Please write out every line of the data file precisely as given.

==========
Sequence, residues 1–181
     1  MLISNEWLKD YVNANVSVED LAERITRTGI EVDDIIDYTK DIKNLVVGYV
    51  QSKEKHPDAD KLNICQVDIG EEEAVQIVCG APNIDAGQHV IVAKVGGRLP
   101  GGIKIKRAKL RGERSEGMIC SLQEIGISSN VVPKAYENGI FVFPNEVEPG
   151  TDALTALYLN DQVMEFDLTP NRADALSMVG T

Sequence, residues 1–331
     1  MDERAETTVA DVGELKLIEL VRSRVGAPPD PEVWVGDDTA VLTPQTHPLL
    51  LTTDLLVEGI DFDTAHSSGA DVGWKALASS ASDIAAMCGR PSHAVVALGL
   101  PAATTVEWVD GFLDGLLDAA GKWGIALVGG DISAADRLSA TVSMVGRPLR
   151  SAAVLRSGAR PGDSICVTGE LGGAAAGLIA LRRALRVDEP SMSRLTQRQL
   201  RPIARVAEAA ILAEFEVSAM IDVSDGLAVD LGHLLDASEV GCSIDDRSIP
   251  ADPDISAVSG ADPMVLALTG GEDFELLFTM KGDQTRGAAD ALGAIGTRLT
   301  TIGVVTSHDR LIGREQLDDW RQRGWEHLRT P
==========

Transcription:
Sequence, residues 1–181
     1  MLISNEWLKD YVNANVSVED LAERITRTGI EVDDIIDYTK DIKNLVVGYV
    51  QSKEKHPDAD KLNICQVDIG EEEAVQIVCG APNIDAGQHV IVAKVGGRLP
   101  GGIKIKRAKL RGERSEGMIC SLQEIGISSN VVPKAYENGI FVFPNEVEPG
   151  TDALTALYLN DQVMEFDLTP NRADALSMVG T

Sequence, residues 1–331
     1  MDERAETTVA DVGELKLIEL VRSRVGAPPD PEVWVGDDTA VLTPQTHPLL
    51  LTTDLLVEGI DFDTAHSSGA DVGWKALASS ASDIAAMCGR PSHAVVALGL
   101  PAATTVEWVD GFLDGLLDAA GKWGIALVGG DISAADRLSA TVSMVGRPLR
   151  SAAVLRSGAR PGDSICVTGE LGGAAAGLIA LRRALRVDEP SMSRLTQRQL
   201  RPIARVAEAA ILAEFEVSAM IDVSDGLAVD LGHLLDASEV GCSIDDRSIP
   251  ADPDISAVSG ADPMVLALTG GEDFELLFTM KGDQTRGAAD ALGAIGTRLT
   301  TIGVVTSHDR LIGREQLDDW RQRGWEHLRT P